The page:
- to regard highly or favorably; regard with respect or admiration: I esteem him for his honesty.
- to consider as of a certain value or of a certain type; regard: I esteem it worthless.
- Obsolete. to set a value on; appraise.
- favorable opinion or judgment; respect or regard: to hold a person in esteem.
- Archaic. opinion or judgment; estimation; valuation.
Origin of esteem
Synonyms for esteem
Antonyms for esteem
Related Words for esteemingvenerate, revere, treasure, love, prize, like, regard, appreciate, apprise, value, worship, admire, reverence, cherish, respect, idolize, honor, consider, account, calculate
Examples from the Web for esteeming
Historical Examples of esteeming
There were Dunkards in the Valley who refused to go to war, esteeming it a sin.The Long Roll
It is quite natural that their ways of esteeming a collection should not be as our ways.The Book-Hunter
John Hill Burton
The youths are adorned with gold, esteeming it for its fiery appearance.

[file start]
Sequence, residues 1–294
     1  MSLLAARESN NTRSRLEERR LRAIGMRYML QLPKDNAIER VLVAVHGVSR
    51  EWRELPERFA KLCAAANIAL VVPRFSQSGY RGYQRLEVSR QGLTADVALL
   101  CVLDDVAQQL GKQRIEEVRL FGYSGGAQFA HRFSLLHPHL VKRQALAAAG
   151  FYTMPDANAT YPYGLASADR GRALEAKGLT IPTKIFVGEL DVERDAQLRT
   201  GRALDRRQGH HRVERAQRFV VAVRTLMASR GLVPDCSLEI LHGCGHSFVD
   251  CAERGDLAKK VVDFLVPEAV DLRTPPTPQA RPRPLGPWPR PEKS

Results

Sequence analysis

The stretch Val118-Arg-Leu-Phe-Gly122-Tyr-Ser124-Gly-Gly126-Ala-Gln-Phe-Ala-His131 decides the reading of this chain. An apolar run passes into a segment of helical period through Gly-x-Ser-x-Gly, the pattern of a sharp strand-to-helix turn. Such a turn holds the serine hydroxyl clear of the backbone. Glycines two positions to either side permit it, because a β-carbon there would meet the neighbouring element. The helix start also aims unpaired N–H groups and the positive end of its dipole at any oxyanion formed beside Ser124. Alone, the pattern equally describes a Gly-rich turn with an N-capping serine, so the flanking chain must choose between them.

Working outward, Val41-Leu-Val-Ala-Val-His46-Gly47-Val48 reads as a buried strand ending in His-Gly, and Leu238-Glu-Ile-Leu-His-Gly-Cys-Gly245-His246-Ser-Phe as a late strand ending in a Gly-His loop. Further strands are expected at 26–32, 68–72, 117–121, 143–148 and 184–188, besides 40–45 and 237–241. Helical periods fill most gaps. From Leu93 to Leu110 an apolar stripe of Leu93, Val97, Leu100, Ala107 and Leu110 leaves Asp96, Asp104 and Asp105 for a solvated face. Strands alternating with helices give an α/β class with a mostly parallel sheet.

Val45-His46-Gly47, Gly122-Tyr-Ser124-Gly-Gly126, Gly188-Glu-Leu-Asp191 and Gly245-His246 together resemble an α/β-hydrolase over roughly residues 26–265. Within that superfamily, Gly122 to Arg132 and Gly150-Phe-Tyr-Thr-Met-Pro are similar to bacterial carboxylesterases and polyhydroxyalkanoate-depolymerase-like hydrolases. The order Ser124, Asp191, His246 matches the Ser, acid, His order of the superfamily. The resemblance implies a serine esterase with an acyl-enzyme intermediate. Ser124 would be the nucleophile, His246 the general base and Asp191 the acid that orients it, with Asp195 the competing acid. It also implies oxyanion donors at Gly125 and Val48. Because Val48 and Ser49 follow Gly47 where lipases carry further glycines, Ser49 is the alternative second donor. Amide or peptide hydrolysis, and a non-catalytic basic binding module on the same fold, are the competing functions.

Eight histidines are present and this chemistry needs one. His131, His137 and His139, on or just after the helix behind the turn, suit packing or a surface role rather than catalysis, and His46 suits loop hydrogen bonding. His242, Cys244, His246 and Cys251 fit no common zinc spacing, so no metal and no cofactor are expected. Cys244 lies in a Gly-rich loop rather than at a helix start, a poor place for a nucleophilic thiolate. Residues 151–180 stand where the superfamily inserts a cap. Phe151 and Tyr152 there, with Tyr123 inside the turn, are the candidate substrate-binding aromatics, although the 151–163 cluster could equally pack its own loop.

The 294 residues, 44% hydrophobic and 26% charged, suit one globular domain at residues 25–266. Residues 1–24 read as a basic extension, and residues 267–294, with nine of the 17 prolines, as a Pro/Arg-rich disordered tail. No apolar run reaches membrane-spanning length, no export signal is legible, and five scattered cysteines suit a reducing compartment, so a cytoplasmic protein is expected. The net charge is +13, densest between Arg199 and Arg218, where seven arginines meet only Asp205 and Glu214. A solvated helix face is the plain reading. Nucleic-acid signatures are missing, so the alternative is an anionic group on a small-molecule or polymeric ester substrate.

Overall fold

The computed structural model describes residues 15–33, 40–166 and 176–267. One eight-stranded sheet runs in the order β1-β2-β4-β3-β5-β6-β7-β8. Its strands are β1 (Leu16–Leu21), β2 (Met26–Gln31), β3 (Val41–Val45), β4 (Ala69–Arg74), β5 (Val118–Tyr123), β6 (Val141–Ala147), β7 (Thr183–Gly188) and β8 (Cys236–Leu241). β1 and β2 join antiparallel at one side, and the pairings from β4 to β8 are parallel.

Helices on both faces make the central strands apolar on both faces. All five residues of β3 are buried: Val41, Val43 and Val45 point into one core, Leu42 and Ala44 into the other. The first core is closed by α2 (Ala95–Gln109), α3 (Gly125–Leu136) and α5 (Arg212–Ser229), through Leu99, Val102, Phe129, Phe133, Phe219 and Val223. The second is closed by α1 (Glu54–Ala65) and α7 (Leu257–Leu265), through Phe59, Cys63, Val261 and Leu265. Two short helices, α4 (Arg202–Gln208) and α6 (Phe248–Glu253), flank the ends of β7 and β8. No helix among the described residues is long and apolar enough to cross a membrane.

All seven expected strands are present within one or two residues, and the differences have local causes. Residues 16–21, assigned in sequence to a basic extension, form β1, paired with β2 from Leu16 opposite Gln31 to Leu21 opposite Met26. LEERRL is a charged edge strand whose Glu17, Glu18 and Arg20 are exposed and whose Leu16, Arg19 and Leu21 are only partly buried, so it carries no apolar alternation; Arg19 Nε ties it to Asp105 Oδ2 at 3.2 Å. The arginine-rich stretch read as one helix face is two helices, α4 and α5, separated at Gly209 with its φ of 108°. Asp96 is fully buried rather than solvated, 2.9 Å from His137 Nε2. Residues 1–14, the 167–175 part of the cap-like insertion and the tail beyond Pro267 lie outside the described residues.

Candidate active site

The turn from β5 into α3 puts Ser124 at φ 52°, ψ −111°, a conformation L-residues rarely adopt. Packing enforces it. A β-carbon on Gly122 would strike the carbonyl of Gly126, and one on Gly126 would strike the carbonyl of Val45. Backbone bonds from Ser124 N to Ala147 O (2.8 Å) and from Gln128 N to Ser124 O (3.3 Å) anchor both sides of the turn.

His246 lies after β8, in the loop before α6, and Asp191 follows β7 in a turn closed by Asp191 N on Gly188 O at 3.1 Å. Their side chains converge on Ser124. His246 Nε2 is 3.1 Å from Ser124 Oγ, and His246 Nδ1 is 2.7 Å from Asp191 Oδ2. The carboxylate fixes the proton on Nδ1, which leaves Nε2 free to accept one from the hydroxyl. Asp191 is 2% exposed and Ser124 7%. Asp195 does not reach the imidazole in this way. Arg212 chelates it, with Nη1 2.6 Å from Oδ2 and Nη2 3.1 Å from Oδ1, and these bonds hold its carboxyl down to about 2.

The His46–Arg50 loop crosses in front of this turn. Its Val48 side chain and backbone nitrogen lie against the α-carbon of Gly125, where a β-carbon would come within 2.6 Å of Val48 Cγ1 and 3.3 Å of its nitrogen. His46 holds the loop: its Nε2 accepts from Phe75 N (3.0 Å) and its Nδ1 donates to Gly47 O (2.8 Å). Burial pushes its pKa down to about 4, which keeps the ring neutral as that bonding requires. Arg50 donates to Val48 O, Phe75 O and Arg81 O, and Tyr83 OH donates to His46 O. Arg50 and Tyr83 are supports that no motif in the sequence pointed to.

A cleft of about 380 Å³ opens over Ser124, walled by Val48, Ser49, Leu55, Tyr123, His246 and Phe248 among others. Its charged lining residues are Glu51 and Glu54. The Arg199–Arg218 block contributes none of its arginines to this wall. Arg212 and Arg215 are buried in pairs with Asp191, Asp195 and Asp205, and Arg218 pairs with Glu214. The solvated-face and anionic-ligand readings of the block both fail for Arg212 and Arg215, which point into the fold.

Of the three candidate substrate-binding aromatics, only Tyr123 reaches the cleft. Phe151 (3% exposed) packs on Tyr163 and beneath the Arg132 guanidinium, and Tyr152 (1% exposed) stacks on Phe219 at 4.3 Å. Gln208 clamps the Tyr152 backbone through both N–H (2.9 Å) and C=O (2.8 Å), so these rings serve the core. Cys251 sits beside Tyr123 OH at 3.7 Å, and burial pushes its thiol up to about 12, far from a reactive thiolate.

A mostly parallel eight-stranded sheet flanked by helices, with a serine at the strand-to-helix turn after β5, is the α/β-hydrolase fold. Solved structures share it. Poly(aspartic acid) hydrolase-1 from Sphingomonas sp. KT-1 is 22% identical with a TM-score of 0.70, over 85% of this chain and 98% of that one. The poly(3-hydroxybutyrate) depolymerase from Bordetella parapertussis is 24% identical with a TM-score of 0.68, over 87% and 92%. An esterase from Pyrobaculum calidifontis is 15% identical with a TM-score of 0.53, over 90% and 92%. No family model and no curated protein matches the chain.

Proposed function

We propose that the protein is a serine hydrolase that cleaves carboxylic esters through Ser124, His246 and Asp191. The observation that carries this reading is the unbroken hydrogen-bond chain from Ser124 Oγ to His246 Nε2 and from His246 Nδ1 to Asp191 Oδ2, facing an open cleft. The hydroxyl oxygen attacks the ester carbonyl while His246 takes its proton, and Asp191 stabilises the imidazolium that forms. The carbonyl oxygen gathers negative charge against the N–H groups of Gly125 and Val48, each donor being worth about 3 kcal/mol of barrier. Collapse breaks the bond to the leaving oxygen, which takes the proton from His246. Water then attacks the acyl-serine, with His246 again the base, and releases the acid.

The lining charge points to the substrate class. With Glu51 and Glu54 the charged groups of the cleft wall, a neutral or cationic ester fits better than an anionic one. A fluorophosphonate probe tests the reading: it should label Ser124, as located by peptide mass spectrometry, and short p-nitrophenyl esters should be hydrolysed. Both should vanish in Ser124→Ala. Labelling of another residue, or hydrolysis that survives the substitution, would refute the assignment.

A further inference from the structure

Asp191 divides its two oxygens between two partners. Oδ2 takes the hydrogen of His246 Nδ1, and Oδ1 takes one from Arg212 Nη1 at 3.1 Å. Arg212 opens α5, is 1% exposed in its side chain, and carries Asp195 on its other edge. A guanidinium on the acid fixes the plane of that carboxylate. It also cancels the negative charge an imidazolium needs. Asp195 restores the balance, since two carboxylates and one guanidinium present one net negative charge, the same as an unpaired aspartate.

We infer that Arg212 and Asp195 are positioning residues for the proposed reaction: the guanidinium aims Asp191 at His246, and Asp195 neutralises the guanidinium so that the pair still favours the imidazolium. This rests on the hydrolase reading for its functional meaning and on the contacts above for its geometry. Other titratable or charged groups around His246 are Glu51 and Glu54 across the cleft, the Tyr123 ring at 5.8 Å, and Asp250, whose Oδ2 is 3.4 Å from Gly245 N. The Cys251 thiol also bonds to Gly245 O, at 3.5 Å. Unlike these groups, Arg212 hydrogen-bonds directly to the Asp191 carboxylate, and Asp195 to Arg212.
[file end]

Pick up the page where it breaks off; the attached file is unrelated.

I soon learnt to esteem you; and in esteeming, became attached to you.Biographia Epistolaris Volume 2
Samuel Taylor Coleridge
As for esteeming him, she rejected the very thought precisely because he had married her.Juana
Honore de Balzac
- to have great respect or high regard forto esteem a colleague
- formal to judge or consider; deemto esteem an idea improper
- high regard or respect; good opinion
- archaic judgment; opinion
Word Origin for esteem
mid-15c., from Middle French estimer (14c.), from Latin aestimare "to value, appraise," perhaps ultimately from *ais-temos "one who cuts copper," i.e. mints money (but de Vaan finds this "not very credible"). At first used as we would now use estimate; sense of "value, respect" is 1530s. Related: Esteemed; esteeming.
(also steem, extyme), mid-14c., "account, worth," from French estime, from estimer (see esteem (v.)). Meaning "high regard" is from 1610s.